If you use a lot of water for your plot and don’t want to rely on the expensive mains supply, you might consider drilling a well or borehole. Wells are inexpensive provided the water table on your property is high and the water quality is good. Boreholes use exactly the same principle, but they are much narrower with an impermeable liner. This means you can drill down to a deeper aquifer, which cannot run dry and is less likely to become contaminated by surface water, sewage and so on.

an old covered well and bucket, image

The UK has been slow to introduce compulsory water meters, but the government is keen to see 80% of all households metered by 2020. This could prove expensive for homesteaders, particularly if they irrigate from the mains. Note that ground water is a renewable resource, but not an infinite one: you should still catch, store and use as much rainwater as you can.

The stages of drilling a borehole

  • Get a groundwater extraction survey from British Geological Survey or other specialist surveyor. This isn’t compulsory, but it will tell you how far down the water is likely to be and what sort of rock will have to be drilled through. You can also use BGS’s borehole browser to see if any neighbours have already had surveys done. If they will share the data you may save yourself the cost of the survey.
  • Pass this information to a few borehole companies, and ask them for an estimate. There is still an element of luck when you drill, so ask what will happen if they hit water more early than forecast – or if they do not find water at all.
  • Contact the Environment Agency (in the UK) to register for a license if necessary – this is not expensive but it does take time. At the time of writing no permission is necessary if the borehole will be used to abstract less than twenty cubic meters of water a day. Twenty cubic meters is equivalent to 20,000 litres (just under 4,400 gallons). If you intend to abstract more than this, ring the Agency before you get the survey done. They will check that there are no local reasons such as contamination or over-abstraction that would cause them to refuse you a license.
  • The contractor drills, then installs pipework, cables and a submersible pump. The borehole is flushed through to clear the supply, and a sample of water is sent for testing. The total time from drilling to test result is usually around four weeks.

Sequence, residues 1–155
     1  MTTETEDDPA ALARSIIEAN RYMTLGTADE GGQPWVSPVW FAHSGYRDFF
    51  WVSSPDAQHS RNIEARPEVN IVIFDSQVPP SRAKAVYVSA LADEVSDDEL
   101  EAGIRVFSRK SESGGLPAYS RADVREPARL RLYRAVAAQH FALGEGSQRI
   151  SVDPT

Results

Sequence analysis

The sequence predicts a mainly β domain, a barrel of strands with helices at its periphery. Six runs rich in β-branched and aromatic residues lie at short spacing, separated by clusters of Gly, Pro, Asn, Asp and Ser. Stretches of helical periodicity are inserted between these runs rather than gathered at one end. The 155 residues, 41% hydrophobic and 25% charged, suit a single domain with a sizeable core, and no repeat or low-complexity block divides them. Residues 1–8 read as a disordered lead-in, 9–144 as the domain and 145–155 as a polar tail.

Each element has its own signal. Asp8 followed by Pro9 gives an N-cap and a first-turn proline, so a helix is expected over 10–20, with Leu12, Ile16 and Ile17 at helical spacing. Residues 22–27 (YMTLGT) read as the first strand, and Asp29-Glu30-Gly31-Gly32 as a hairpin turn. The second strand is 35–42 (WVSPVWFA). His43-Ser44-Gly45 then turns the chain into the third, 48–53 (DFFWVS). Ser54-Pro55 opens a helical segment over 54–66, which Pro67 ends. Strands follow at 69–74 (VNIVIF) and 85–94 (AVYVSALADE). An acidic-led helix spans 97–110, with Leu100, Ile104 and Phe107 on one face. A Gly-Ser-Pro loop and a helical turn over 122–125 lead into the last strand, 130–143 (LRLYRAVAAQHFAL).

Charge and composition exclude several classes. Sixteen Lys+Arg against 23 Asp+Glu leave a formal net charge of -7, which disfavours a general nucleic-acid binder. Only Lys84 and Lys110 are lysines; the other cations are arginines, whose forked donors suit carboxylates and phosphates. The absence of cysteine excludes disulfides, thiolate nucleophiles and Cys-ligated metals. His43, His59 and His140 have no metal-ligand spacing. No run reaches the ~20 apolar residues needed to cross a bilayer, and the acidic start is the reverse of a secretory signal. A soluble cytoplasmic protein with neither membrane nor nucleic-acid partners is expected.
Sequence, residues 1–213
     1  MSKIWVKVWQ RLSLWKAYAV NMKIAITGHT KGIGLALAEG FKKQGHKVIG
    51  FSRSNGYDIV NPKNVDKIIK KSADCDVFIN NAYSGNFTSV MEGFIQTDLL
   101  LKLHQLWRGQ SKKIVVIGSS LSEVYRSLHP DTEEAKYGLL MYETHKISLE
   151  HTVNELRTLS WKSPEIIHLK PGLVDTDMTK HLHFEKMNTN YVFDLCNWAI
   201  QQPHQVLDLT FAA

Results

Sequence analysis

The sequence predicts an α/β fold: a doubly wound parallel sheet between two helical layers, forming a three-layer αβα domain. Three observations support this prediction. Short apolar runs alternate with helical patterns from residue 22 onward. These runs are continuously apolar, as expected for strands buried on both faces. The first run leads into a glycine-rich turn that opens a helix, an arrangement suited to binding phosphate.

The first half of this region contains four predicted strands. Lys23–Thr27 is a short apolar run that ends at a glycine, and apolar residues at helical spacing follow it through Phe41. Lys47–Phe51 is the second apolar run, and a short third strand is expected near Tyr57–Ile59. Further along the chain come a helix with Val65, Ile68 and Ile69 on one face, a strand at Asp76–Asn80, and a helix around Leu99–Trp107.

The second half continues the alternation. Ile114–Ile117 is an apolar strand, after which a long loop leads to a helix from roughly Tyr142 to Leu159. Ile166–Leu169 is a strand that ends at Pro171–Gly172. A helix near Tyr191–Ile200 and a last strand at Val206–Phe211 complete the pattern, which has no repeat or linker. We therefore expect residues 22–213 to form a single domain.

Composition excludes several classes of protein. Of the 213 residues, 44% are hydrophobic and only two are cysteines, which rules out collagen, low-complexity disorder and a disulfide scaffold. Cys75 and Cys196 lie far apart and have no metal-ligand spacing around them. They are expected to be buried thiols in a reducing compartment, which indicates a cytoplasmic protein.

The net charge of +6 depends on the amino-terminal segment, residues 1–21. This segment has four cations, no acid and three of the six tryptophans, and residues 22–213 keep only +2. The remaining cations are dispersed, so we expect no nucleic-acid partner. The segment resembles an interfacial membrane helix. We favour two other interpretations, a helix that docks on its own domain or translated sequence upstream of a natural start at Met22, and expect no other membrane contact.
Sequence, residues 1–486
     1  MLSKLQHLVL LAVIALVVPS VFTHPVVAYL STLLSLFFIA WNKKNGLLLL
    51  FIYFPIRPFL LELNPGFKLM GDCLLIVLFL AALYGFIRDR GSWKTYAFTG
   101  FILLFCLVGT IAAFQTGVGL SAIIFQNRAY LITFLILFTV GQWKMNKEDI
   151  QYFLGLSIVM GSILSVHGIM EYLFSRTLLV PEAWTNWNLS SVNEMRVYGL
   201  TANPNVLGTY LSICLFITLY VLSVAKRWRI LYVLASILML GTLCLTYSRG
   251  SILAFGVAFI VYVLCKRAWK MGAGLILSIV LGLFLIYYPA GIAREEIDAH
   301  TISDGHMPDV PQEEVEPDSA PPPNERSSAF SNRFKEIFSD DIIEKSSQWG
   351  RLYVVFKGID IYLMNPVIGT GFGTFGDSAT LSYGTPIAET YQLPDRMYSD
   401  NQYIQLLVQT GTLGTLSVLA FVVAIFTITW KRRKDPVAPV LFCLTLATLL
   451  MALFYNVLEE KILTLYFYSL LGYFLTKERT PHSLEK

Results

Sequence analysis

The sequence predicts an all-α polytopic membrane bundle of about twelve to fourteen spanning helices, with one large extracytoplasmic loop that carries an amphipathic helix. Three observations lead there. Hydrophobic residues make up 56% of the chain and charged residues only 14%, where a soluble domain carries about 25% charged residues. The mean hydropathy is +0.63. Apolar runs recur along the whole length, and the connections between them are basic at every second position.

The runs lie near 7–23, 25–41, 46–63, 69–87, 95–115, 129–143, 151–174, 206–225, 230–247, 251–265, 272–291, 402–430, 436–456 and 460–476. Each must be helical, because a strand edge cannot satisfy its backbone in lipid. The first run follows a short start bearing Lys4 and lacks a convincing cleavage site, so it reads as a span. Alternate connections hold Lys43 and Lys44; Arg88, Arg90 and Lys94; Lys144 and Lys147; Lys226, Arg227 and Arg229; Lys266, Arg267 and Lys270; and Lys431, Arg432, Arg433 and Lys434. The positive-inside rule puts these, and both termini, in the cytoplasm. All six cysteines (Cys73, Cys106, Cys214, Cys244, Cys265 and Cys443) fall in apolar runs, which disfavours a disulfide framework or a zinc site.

How much does a borehole cost?

At the time of writing (May 2011) costs are likely to fall between £5000 and £8000, but the borehole company’s estimate will give you a much better idea. The cost mostly depends on the result of the geological survey, because that will determine the likely depth and rock types of the hole. A pump is usually necessary to lift the water from the aquifer. If the pump ever fails your water supply will stop immediately, so a storage tank is a vital precaution just as it is for other forms of supply. If you are extremely lucky and drill into an aquifer which is under pressure, then you won’t need a pump and a storage tank is probably unnecessary. Other expenses may include an electric pump to lift the water out of the ground, a storage tank if you require one, and appropriate filters and/or UV steriliser if the water quality is not ideal.

Running costs are low provided you don’t insist on remaining connected to the mains water system, which can create additional expense. Modern borehole wellheads can be hidden away in an underground enclosure, and even if filters and/or a UV unit are needed, these are no bigger than a large fridge and can be sited in an outbuilding.

Lifetime of a borehole

A new borehole, installed to a high standard using modern materials such as PVC and stainless steel should last a lifetime. Borehole installation is an area where contractors can cut their costs in ways that cannot be seen until much later, so the least expensive quote is not necessarily the best. Choose a contractor with a proven track record and a written guarantee. If they offer a maintenance contract it is likely that their work will be of a high standard.

Combining with a Ground Source Heat Pump

Ground Source Heat Pump installations also need a geological survey and can be vertically installed using a borehole. If you are considering a vertically-installed GSHP you can investigate the very efficient open-loop type installations, which can be used for drinking water abstraction as well as offering free heat.

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